Dip your finger into the water and wet the edges of the wonton wrapper. Fold the wrapper in half along the diagonal so that, folded, it looks like a triangle. Press around each of the edges to seal shut. (If a lot of sauce or cheese oozes out, you've used too much and need to readjust your ratio.)

Place wontons on a baking stone (here's the one I use) and cover with a dish towel to keep from drying out. (Alternatively, if you want to put them in the freezer for later use, place directly on a piece of wax paper atop a freezer-ready dish. If you do freeze them, you can take them directly from the freezer when you're ready to bake them and proceed to the next step.)

Then, spritz each wonton with some olive oil. (I like to use my Misto for this step!) Top with about ¼ teaspoon of my pizza seasoning mix on each pizza roll. (Alternatively you can use a dash or two of sea salt, freshly ground pepper and Italian seasoning.)

Bake the wontons at 350 degrees for about 20 minutes or until the edges start to turn a golden brown. Remove from the oven and let cool for 5 minutes or so; they'll continue to darken a bit once you've removed them so don't let them get too dark in the oven!

Serve them with a side dish of pizza sauce for dipping. I like to serve about 6 pizza rolls per person, but you can adjust that to how hungry you are! Makes an entire package of wonton wrappers, about 48 in a 12 oz. package. (You can also use round wonton wrappers, but they're smaller so you'll have to adjust the amount of sauce and cheese you use on each pizza bite accordingly.)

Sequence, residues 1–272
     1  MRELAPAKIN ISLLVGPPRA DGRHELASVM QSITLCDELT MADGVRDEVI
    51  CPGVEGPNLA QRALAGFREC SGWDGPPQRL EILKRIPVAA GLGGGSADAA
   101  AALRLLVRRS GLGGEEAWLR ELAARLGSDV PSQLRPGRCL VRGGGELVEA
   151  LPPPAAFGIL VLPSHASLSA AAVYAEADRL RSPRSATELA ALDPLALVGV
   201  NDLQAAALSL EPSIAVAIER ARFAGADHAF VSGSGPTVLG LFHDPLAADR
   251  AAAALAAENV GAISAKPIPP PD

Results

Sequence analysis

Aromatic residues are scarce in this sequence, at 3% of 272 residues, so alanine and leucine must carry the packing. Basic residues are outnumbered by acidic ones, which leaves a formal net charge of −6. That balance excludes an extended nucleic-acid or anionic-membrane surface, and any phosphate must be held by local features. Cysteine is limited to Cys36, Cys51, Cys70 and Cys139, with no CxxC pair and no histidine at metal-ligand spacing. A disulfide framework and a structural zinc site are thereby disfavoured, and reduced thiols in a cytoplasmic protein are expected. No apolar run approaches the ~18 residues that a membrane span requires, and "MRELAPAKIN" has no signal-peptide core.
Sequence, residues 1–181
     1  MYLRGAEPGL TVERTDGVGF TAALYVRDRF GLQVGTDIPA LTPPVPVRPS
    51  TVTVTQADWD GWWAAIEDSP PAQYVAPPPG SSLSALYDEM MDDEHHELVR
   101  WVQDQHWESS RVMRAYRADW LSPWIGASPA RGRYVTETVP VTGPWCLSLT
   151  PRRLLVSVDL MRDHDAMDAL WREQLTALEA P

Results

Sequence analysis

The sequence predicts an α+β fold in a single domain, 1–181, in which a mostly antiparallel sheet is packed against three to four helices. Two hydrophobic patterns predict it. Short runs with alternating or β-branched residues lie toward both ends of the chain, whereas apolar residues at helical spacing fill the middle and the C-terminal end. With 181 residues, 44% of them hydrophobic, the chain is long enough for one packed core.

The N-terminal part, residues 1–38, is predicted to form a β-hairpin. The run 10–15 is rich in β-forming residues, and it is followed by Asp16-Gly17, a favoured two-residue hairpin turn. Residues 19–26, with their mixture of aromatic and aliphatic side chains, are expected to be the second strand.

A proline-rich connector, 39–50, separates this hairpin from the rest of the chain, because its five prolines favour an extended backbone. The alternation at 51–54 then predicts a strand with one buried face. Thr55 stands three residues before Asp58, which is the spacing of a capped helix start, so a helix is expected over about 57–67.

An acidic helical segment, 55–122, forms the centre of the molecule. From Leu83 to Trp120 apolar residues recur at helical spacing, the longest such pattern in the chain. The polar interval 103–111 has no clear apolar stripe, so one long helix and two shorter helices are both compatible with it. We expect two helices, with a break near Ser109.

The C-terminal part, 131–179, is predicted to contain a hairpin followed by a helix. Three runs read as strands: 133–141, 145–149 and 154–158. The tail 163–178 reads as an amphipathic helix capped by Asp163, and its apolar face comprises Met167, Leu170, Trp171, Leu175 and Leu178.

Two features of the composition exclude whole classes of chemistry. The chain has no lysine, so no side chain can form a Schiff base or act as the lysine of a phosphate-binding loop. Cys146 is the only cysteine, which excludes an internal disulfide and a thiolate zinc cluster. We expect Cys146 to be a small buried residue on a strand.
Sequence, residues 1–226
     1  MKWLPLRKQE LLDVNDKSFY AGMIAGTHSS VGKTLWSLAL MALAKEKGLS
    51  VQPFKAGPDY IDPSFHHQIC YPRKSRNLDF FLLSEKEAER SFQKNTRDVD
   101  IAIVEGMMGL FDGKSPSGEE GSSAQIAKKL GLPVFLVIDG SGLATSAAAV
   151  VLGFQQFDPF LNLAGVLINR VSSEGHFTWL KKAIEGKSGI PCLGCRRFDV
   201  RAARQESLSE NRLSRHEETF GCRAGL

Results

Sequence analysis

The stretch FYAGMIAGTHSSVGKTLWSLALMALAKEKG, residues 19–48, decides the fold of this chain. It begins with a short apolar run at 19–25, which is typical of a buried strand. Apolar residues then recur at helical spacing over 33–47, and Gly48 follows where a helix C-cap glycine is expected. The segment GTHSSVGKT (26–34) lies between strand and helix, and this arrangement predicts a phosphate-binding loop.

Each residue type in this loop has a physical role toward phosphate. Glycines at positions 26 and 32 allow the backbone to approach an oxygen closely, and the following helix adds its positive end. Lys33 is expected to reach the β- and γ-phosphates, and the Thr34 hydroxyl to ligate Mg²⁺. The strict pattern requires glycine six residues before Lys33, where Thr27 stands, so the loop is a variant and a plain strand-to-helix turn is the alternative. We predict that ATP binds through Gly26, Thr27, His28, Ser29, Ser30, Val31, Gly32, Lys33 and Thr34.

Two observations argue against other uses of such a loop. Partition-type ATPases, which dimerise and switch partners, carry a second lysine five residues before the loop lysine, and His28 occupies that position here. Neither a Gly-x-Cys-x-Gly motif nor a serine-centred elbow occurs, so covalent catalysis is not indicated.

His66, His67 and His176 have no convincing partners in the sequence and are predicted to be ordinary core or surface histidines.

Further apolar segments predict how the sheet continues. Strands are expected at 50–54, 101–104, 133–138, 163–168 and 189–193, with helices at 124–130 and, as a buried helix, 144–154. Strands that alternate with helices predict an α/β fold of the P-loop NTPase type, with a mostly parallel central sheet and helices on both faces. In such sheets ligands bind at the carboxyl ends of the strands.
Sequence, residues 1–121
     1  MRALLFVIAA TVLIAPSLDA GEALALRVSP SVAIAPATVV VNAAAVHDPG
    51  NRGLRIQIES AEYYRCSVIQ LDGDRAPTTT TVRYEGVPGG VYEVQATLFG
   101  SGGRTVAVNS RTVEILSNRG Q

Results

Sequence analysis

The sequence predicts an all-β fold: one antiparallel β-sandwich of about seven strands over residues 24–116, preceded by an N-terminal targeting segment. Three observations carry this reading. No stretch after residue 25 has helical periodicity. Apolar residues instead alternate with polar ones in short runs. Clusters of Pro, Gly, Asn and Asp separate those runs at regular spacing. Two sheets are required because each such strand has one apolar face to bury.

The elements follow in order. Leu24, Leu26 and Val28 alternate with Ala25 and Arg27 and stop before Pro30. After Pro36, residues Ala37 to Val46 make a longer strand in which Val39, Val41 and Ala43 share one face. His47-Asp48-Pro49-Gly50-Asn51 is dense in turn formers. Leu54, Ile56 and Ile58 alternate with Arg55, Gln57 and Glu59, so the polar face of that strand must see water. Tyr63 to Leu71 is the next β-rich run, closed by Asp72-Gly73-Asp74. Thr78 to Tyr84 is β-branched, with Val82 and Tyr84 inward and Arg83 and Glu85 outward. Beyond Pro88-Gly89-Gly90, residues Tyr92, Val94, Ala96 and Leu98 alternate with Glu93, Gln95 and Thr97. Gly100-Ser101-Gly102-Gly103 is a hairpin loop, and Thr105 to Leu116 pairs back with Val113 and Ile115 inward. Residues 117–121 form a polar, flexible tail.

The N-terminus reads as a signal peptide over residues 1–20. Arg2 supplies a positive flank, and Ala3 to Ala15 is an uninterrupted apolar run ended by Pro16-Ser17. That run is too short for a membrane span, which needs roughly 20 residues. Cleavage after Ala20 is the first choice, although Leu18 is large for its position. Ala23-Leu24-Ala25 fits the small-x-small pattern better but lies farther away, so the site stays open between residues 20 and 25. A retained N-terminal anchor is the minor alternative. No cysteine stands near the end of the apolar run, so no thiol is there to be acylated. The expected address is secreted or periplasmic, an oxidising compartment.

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Misconceptions in Blogland

The other day I was trying to pass the time until my husband got home from work. I was looking up recipes and reloading Pinterest when something popped into my head to visit a blog I used to read but had unsubscribed from a year or so ago. (You can read more about why I unsubscribed from that blog—and a bunch of other ones—in this post.)

It was a blog with pictures of happy days spent strolling the streets, wearing cute clothes, perfect make-up and what seemed like a wish-you-were-here kind of lifestyle.

But as I started reading through recent posts, it became evident that something had changed. The façade had shattered.

The thing is, I was shocked by it. I had really bought into the idea that her life was great and, well, probably better than mine. I mean, did you see those shoes? That weekend? That meal? That vacation?

Without even realizing it, I’d bought into the idea that what I saw on the screen was all there was to it. Hardships must not exist. Feelings of loneliness or jealousy never plague. Cross words never pierce the days or make you wish you could hit the “undo” button. The folks on the other side of the screen? They're never the ones wishing for something different.

Of course, though, we know that in reality, that is far from true.

I don’t think the blogger ever set out to make her life appear perfect or always happy or better than mine, but somehow, that’s how it always felt to me. Which is one of the reasons why I stopped reading it.

As I plumbed through her posts, I realized that because you read my blog, you’ve probably fallen into that trap, too, and made some of the same kinds of misconceptions about me.